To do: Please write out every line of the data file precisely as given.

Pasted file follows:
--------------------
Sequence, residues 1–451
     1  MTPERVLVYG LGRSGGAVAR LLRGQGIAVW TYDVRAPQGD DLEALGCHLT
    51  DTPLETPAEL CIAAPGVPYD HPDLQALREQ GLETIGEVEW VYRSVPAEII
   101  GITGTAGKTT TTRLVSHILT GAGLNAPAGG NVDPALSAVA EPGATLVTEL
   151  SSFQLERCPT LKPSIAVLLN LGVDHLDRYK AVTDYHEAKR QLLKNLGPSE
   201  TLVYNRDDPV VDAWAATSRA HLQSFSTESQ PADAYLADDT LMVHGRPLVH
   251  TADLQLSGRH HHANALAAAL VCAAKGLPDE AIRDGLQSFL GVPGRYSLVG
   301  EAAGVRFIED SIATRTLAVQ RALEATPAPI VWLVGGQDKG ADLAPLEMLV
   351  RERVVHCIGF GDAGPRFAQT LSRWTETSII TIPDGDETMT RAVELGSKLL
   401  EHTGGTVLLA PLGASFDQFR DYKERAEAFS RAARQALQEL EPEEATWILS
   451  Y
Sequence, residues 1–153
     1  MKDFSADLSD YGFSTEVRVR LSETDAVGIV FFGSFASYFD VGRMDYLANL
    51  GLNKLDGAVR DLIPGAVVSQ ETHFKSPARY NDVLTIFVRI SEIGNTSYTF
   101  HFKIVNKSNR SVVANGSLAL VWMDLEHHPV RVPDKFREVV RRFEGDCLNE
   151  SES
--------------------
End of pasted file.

Sequence, residues 1–451
     1  MTPERVLVYG LGRSGGAVAR LLRGQGIAVW TYDVRAPQGD DLEALGCHLT
    51  DTPLETPAEL CIAAPGVPYD HPDLQALREQ GLETIGEVEW VYRSVPAEII
   101  GITGTAGKTT TTRLVSHILT GAGLNAPAGG NVDPALSAVA EPGATLVTEL
   151  SSFQLERCPT LKPSIAVLLN LGVDHLDRYK AVTDYHEAKR QLLKNLGPSE
   201  TLVYNRDDPV VDAWAATSRA HLQSFSTESQ PADAYLADDT LMVHGRPLVH
   251  TADLQLSGRH HHANALAAAL VCAAKGLPDE AIRDGLQSFL GVPGRYSLVG
   301  EAAGVRFIED SIATRTLAVQ RALEATPAPI VWLVGGQDKG ADLAPLEMLV
   351  RERVVHCIGF GDAGPRFAQT LSRWTETSII TIPDGDETMT RAVELGSKLL
   401  EHTGGTVLLA PLGASFDQFR DYKERAEAFS RAARQALQEL EPEEATWILS
   451  Y
Sequence, residues 1–153
     1  MKDFSADLSD YGFSTEVRVR LSETDAVGIV FFGSFASYFD VGRMDYLANL
    51  GLNKLDGAVR DLIPGAVVSQ ETHFKSPARY NDVLTIFVRI SEIGNTSYTF
   101  HFKIVNKSNR SVVANGSLAL VWMDLEHHPV RVPDKFREVV RRFEGDCLNE
   151  SES